Construction Law Blog
While the issue seems minor and a mere technicality on its face, it posed a significant problem across the Commonwealth because a customary practice is to file the complaint at the same docket as the lien claim to save the client from paying an additional filing fee and to confine the entire case record to a single docket. The lower courts in this case, however, held that this practice was improper and warranted dismissing the mechanics’ lien complaint. This decision came as a surprise to many construction law practitioners. Although dismissal in many instances would just lead to the filing of the complaint at a different docket, it would prove fatal to the mechanics’ lien claim if the two-year period for filing a complaint for judgment on the mechanics’ lien claim, 49 P.S. 1701(b), had passed prior to the dismissal.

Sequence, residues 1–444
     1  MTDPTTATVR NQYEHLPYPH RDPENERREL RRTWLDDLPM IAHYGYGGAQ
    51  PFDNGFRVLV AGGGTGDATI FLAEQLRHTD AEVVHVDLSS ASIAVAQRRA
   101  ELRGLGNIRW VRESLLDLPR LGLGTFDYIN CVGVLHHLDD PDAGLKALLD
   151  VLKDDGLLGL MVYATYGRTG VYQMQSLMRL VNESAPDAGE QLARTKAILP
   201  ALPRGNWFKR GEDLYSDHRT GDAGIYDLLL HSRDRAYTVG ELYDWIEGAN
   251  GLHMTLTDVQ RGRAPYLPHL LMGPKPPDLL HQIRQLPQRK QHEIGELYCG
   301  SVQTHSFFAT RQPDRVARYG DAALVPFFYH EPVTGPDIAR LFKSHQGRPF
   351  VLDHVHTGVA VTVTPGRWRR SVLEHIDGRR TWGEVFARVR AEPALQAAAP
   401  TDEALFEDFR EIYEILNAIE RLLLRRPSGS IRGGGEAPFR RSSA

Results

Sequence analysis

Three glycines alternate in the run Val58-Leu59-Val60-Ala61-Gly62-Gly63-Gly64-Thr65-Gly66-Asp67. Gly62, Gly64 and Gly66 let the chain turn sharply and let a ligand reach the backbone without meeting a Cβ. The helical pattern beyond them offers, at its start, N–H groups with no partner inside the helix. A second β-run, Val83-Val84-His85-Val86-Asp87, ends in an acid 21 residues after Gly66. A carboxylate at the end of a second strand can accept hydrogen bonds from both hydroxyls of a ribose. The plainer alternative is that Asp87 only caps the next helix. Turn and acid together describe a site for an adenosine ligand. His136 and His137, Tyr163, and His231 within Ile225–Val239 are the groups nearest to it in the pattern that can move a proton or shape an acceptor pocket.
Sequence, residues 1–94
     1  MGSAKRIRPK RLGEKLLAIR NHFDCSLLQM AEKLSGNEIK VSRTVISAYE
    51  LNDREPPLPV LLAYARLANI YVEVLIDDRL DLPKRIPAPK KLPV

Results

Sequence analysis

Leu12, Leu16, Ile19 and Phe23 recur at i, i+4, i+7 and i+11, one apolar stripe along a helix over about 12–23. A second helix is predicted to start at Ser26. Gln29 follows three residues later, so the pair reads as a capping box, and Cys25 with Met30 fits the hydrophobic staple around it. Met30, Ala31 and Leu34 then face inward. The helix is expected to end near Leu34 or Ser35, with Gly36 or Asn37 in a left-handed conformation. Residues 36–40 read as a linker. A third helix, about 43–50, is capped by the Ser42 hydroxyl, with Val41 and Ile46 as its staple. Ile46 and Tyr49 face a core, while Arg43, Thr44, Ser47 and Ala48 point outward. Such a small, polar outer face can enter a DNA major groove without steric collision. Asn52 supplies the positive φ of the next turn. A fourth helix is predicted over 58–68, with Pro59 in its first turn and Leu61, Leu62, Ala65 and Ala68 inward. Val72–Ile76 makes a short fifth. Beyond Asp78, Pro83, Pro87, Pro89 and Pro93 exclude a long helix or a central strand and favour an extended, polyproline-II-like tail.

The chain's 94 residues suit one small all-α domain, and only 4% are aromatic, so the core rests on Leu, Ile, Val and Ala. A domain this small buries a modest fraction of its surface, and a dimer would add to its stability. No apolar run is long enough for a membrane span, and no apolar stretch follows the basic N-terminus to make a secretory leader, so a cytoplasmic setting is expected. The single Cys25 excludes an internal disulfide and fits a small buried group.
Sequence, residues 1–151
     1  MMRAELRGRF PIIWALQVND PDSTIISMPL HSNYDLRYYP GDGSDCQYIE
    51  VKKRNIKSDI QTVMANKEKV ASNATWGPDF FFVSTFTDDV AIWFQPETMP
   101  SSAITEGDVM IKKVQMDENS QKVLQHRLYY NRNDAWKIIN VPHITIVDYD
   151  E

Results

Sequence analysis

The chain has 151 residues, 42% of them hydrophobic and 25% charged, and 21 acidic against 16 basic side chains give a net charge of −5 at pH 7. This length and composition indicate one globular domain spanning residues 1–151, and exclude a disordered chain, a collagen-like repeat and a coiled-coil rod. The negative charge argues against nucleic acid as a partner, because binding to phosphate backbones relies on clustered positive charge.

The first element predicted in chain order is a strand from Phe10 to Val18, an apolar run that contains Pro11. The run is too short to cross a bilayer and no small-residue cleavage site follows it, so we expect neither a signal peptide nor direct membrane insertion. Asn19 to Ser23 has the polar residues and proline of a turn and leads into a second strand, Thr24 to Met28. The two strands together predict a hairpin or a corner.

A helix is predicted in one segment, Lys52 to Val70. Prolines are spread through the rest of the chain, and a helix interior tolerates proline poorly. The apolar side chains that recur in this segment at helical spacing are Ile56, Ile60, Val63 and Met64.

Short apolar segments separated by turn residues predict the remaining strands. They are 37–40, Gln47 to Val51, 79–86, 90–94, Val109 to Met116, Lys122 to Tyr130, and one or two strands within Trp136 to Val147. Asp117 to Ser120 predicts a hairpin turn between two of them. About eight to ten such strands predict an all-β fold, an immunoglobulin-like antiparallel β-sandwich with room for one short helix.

The Pennsylvania Supreme Court avoided this potentially significant procedural dilemma when it reversed the lower court’s order, holding that neither the Pennsylvania Mechanics’ Lien Law nor Pennsylvania Rules of Civil Procedure 1651–1661 related to mechanics’ lien actions require filing a complaint for judgment on a mechanics’ lien claim at a separate docket number than the mechanics’ lien claim. Specifically, the Court stated “we conclude there is no support for the proposition that because actions upon mechanics’ liens are comprised of two separate phases it follows that [the Lien Claimant’s] claims and its subsequent actions to obtain judgment upon them must have been entered at separate dockets, maintained in separate files, and identified with separate court terms and numbers.”